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The Brave Pill: TVR Chimaera

Mean, green, no garage queen - keen?

By Mike Duff / Saturday, March 23, 2019

Last week's Maserati 4200GT proved to be the most easily swallowed Pill so far, with much love for its combination of presence, performance and a four-figure price. With that in mind we're going to stick with the SAS's conflation of daring and winning with this one, a similarly inexpensive TVR.

I honestly can't remember the first time I saw a Ferrari or a Lamborghini in the wild. Youthful memories have blended with magazines, movies and the searing dramatic heights of Magnum PI. But I do vividly recall the first time I saw a TVR Chimera. It was the summer of 1993 and it did nothing more than drive past on an urban street, stop at a set of traffic lights and then burble off again. Even at low speeds it was the most V8-y V8 that I'd ever heard, and the rest of the car looked similarly outrageous.

TVRs became faster, louder and more outrageous as the 'nineties became the 'noughties, but the Chimaera's combination of brutish charm and an enticing price made it TVR's most successful model of all time, with around 6000 produced. Back in 1994 you could buy one for £26,250, pretty much exactly half the £53,995 of a base 911, with the Chimera being a half second quicker to 60mph. These days it is the cheapest way into the brand's post-wedge era with values substantially under those of the closely related Griffith.

But are you brave enough for this one? It's fair to say that TVRs of this era have never enjoyed a stellar reputation for turn key reliability and they can still fall victim to some expensive maladies. This week's pill gives a good indication of what the bottom of the market looks like these days, a privately-sold 1996 4.0-litre car with some visual imperfections and a bilious green interior with a price tag that just dips into four figures.

It certainly offers plenty of bang for your buck. The Rover-sourced 4.0-litre engine produced a relaxed 240hp as it left the factory and the advert reports this one has been given a few upgrades since. While the headline power output might not sound like much by modern standards the Chim's lightweight construction and glassfibre bodywork means that it weighs pretty much exactly the same as a current MX-5, while still accommodating a chunky V8. Okay, the Mazda would look after you much better in a crash - as in, at all - but the TVR is still properly rapid. Even in 2019 a sub-5 second 0-60mph time is nothing to be sneezed at; in 1992 it was one of the fastest cars on the road.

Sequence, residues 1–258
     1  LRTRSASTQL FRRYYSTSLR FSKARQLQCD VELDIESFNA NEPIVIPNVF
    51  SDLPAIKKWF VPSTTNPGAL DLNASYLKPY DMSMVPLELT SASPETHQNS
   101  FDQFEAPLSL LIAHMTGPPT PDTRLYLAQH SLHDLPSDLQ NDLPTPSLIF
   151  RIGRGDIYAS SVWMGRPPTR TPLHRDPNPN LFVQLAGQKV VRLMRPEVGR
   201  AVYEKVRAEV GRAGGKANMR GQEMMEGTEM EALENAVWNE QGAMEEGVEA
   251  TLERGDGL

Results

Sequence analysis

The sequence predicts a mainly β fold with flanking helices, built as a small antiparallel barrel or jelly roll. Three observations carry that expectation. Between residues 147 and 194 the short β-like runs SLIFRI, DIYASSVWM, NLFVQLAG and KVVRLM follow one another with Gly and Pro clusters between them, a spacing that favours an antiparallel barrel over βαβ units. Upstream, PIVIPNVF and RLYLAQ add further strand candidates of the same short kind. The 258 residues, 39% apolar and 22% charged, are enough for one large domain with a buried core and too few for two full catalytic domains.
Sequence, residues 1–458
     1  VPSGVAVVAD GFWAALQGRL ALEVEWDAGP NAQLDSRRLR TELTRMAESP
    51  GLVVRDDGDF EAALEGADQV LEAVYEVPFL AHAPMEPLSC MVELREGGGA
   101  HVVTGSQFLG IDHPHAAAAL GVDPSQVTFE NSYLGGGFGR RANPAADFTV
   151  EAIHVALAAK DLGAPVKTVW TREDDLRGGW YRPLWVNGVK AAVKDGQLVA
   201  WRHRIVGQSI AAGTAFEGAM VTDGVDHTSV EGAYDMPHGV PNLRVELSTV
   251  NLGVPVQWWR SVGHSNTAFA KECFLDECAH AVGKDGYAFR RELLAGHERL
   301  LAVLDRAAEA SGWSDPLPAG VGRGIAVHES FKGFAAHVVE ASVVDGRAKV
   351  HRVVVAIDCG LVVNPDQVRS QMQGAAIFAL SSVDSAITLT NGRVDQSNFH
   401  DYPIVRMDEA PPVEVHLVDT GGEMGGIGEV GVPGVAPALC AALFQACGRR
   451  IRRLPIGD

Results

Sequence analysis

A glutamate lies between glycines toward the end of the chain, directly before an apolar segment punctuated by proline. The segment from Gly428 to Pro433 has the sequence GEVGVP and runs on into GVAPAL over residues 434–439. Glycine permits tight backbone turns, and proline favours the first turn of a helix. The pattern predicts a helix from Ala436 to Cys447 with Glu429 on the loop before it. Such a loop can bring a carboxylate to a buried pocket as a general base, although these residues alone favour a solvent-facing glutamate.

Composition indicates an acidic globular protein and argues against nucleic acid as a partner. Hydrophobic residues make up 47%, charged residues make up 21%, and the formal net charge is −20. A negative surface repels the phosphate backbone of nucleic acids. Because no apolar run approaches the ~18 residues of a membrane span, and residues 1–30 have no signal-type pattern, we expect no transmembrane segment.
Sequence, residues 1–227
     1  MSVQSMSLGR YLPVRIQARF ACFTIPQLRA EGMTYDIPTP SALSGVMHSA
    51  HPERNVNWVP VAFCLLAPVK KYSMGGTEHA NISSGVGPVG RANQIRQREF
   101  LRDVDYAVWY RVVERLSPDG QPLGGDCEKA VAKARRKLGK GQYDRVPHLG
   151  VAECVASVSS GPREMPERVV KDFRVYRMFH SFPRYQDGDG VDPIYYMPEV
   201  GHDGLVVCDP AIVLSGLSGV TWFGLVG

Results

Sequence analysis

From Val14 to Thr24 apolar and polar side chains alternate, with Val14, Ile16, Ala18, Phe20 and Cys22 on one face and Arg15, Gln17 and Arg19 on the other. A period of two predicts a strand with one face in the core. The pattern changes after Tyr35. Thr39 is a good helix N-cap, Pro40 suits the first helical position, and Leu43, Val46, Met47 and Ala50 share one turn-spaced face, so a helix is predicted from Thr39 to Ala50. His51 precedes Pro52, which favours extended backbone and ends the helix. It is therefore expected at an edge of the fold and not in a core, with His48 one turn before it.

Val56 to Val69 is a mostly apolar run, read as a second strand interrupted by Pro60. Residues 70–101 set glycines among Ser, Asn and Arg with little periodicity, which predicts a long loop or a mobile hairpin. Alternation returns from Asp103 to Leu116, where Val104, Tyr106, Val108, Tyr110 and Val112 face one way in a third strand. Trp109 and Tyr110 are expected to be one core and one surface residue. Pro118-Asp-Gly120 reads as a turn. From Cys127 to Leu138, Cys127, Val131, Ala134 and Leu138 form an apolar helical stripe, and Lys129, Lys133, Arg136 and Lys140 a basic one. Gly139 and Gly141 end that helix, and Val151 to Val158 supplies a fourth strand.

Handling sophistication will be more limited, of course. Wheeler-era TVRs drove well providing you arrived at them with realistic expectations, fundamentally a desire to experience the adjective stretching straight line performance more than an urge to chase hot hatches down country lanes. Power steering was an option on early Chimaeras - bizarrely a certain type of driver still regarded it as a bit sissy - but the under-bonnet shots show that this one does have the pump that indicates fitment. There's no ABS or traction control though; those really were for jessies.

But the Chimaera's appeal was never just about performance or even that NASCAR soundtrack. It pretty much exemplified the canny way that Peter Wheeler ran TVR at the time, a simple recipe that propelled the brand to unprecedented success. The company's cars had to be fast and enticingly priced, but they also had to look good - the detail that other low volume sportscar makers tended to neglect. The Chimaera's styling has aged remarkably well, muscular but much less extreme than the models that followed it. The scalloped leading door edges might have been because of the difficulty of creating a tight shutline with a conventional fit, but what a simple, clever solution it was.

It's the same story in the cabin. While most hand-built sportscars feel their flakiest inside, the Chimaera has proper trim, a couple of cows' worth of leather and a nicely angled wooden dashboard. The rotary heating controls still look good, as does the bulbous gear lever that barely rises from the fat centre console. Okay, our pill's interior has a greenish Kermit-and-biscuit scheme that only Miss Piggy could truly love. But even a hater couldn't claim it looks lashed-up or thrown together.

Mechanically the Chimaera is about as safe a bet as a TVR can be. The Rover engine is an entirely known quantity and parts availability is total. Although a pre-facelift car, this one is still late enough to have the beefier Borg-Warner gearbox in place of the earlier, and more chocolaty, Rover LT77. The vendor of our Pill reports various changes, including the fitment of coilovers and polybushes in the front suspension and ARB, but is also offering to return most of the original parts for anyone who wants to take it back to stock.

Despite glassfibre bodywork the big risk with any Chimaera is rust, specifically in the steel outriggers that hold the body to the chassis. Fixing these means lifting the body clear - welding and composite not really getting on - so it's not a simple task. Wishbones also fall prey to tinworm with this car's MOT history reporting that the fronts were "corroded but not seriously weakened" as an advisory last year. Anyone interested should take a torch and a screwdriver or, better still, a proper expert.

But even if it does need some sympathetic spend, the Chimaera looks like an solid bet. Values have long since stopped falling, indeed good ones seem to be creeping up. The Griffith from the same era is sleeker and sportier - but it's not twice as good, which is where the market is currently valuing it. As a long term investment this Chimaera could be a very clever Trevor.

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